This Is How I’ve Stayed Married for 40 Years

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J. Lee Grady

Next month my wife and I will celebrate our 40th wedding anniversary. My parents were married for 67 years, so four decades doesn’t seem like much of a milestone to me. But I’m aware that in today’s culture—when couples consider divorce the easy escape from any conflict—we are blessed to still be together after tying the knot on April 28, 1984.

People often ask me what’s the secret to our longevity. A group of men asked me that question a few weeks ago when I was in Uganda—a country where men are often harshly dominant, domestic violence is rampant and men are known to value their cows more than their wives. I gave them a teaching outlining the radical ways Christianity changed the way we should view marriage.

I explained that male domination often leads to abuse in marriage, even in Christian homes, and that such cruelty is rooted in the original fall of man in the Garden of Eden. I also gave some examples from other parts of Africa that remind us of this abuse.

In Kenya, for example, some men in the Masai tribe require their wives to sleep on the floor next to their beds. In some parts of western Uganda, wives aren’t allowed to eat the chicken they prepare for their husbands because meat is for men only. And in many parts of Africa, men believe having multiple wives is a sign of prosperity.


The problem of abuse isn’t limited to Africa; it is everywhere. This is sometimes because Christian men never allow the Holy Spirit to set them free from the sinful tendencies of male pride and superiority. And sometimes evangelical believers weaponize verses in the Bible about wifely submission to make an excuse for domestic violence or verbal abuse.

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God never intended marriage to be about hierarchy, domination, control or abuse. If we aim to stop abuse in the wider culture, Christians must begin by discipling men to break free from this patriarchal attitude. We must take these three scriptural steps:

A husband must treat his wife as an equal. It’s true that God asks women to submit to their husbands; yet in the same passage in Paul’s letter to the Ephesians, husbands and wives are instructed to submit to each other (see Eph. 5:21). Paul taught that married people have authority over each other’s bodies (see 1 Cor. 7:3-4), stressing the concept of mutual submission. And Peter warned husbands that their prayers would be “hindered” if they do not treat their wives as “fellow heir[s] of the grace of life” (1 Pet. 3:7, NASB 1977).


If wives are fellow heirs, that means they are equals. The gospel not only restores human beings to a relationship with God, but it reaffirms the dignity of women and their equal value as human beings created in God’s image. When a husband understands this and treats his wife with honor and respect, his marriage will reflect heaven’s values.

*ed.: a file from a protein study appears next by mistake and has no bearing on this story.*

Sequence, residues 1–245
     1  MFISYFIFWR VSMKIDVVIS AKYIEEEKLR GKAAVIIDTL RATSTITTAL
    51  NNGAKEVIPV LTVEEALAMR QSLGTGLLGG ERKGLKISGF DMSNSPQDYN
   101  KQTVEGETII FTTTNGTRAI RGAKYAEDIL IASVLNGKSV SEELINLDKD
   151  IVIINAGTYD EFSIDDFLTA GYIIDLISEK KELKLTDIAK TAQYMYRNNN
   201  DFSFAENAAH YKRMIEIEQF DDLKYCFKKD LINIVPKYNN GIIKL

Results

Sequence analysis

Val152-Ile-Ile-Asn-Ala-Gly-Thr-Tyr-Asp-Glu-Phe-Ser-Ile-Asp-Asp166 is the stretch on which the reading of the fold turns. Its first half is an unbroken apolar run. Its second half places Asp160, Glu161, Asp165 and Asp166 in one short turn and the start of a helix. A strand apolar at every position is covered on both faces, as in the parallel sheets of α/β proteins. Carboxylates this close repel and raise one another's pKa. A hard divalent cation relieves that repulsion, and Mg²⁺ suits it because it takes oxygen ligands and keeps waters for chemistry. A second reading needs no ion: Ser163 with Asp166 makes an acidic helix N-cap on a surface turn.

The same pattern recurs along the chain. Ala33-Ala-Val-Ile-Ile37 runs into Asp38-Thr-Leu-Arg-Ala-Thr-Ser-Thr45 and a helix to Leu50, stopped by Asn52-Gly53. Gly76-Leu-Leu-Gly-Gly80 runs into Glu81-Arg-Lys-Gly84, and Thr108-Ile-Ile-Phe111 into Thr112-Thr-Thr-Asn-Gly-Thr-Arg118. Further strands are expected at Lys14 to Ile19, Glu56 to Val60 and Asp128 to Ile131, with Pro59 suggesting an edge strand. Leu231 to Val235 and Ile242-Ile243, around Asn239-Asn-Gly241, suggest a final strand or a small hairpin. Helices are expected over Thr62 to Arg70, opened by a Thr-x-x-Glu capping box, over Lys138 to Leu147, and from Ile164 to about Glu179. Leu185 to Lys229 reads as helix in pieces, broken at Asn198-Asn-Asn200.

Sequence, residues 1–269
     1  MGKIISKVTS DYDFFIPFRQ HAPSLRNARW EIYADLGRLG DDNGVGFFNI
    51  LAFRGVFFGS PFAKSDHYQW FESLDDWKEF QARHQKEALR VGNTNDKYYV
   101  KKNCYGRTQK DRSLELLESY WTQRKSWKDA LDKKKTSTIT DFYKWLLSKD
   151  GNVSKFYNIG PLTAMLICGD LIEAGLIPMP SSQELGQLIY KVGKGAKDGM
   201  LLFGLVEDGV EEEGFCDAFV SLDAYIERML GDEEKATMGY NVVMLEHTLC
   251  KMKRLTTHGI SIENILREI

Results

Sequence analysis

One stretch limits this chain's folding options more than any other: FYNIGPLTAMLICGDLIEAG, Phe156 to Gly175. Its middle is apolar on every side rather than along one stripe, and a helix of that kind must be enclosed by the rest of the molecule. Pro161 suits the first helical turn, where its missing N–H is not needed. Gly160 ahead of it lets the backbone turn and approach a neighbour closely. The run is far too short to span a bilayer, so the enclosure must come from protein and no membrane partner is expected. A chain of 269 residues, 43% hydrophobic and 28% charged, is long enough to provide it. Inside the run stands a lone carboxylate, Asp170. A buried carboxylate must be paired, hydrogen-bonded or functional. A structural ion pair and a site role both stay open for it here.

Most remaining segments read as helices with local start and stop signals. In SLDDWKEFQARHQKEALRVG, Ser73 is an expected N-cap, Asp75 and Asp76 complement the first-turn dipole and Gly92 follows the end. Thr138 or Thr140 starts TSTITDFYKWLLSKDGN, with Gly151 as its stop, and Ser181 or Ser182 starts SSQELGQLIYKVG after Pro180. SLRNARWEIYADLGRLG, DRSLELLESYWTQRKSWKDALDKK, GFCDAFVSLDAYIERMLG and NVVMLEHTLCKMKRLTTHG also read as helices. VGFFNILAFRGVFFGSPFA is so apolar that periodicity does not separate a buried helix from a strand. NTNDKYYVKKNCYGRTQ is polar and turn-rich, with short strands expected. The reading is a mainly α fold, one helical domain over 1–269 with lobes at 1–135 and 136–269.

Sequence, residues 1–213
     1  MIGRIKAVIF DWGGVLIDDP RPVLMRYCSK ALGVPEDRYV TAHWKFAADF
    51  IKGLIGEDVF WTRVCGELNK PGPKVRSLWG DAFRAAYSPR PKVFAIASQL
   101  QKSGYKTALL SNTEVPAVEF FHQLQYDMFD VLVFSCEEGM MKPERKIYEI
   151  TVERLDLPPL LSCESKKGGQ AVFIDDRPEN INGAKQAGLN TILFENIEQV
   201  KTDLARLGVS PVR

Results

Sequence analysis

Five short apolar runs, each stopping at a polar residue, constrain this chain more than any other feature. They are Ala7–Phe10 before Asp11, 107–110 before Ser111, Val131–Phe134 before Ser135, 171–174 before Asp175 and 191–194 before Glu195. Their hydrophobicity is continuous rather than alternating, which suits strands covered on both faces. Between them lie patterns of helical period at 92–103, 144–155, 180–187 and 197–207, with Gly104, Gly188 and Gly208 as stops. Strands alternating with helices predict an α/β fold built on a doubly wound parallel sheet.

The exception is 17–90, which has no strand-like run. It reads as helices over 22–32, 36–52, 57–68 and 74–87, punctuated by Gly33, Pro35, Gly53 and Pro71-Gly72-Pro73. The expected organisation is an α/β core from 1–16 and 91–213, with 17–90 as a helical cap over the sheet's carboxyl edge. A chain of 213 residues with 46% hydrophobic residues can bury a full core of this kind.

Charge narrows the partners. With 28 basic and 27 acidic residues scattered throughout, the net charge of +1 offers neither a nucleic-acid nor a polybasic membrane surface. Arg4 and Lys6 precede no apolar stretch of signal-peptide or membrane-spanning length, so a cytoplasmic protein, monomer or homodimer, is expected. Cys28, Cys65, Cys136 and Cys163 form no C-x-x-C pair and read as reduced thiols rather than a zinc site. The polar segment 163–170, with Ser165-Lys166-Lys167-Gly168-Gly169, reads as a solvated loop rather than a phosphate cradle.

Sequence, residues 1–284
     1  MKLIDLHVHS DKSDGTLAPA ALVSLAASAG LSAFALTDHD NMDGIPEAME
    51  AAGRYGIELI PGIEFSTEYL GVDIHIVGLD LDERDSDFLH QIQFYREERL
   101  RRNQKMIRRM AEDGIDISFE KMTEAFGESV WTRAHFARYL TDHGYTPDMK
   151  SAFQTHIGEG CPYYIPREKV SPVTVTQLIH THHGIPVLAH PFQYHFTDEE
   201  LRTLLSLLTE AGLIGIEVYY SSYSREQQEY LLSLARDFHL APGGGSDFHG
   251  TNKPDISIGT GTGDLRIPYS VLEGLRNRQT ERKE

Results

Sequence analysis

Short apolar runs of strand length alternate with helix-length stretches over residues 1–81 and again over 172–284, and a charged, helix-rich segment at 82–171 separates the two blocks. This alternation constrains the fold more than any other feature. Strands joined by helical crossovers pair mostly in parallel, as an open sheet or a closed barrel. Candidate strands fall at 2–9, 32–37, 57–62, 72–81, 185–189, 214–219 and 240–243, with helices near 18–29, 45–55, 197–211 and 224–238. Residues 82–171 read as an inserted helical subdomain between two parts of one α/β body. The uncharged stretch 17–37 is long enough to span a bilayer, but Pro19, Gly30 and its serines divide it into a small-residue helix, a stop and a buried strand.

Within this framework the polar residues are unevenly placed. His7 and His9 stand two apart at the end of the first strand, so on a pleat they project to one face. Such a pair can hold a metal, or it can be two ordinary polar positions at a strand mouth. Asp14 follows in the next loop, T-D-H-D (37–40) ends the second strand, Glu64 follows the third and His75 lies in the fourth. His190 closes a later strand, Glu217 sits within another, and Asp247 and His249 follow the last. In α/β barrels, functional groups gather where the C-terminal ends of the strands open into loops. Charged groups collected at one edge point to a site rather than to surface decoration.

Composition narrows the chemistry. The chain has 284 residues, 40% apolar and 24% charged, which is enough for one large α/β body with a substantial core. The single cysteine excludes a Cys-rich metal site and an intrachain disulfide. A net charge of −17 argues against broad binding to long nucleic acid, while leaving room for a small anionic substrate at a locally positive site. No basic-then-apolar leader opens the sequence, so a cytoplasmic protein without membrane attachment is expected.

This is not about doing away with gender differences. God wants men to be men and women to be women. Peter described women as “weaker vessels” in 1 Peter 3:7—but this doesn’t mean they are less valuable. The word “weaker” here can mean fragile or delicate, in the same way that a crystal flower vase is different from a heavy clay pot. Husbands are called to nurture and protect their wives because of their intrinsic value—not because wives are inferior.

A husband should love his wife selflessly. Many Christian husbands think Scripture gives them the right to bark orders to their wives, force sex, manipulate them with threats or even hit them. They interpret the verse “the husband is the head of the wife” (Eph. 5:23a, MEV) to mean that they can reign like kings while their wives do all the housework. But in God’s kingdom, “headship” is not dictatorship—it is servanthood.

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Paul introduced a radical concept in the first century: “So husbands ought also to love their own wives as their own bodies. He who loves his own wife loves himself” (Eph. 5:28, NASB). This is the opposite of a prideful, macho attitude. A husband who loves Jesus will help with the dishes, play with the children and share the burden of family responsibilities while offering his wife protection and affirmation. A husband’s love should be selfless, tender and sacrificial.

This doesn’t give a wife the right to walk on her husband like a doormat. Just as toxic masculinity can lead to abuse, toxic feminism can lead to reverse forms of cruelty. When couples practice mutual submission, a husband is happy to serve his wife, and she’s happy to serve him in return. A healthy marriage is free of competition, jealousy and bitterness. A husband and wife should seek to outdo each other in showing love and respect.

A husband should encourage his wife’s spiritual gifts. I’ve known many Christian men over the years who kept their wives under tight surveillance. An insecure husband doesn’t want his wife to further her education, start a career, make money or assume a role of leadership because he views her as inferior. But real men aren’t threatened by strong women.

A healthy husband should be his wife’s biggest cheerleader. The man who was married to the Proverbs 31 woman, for example, openly praised his wife—not only for her virtue but also because of her success in her family, her ministry and the marketplace (see Prov. 31:28-29).


If you want a healthy marriage, let go of toxic ideas about control and domination and invite the Holy Spirit to bring unity, harmony and equality. This is the Jesus way to stay married!

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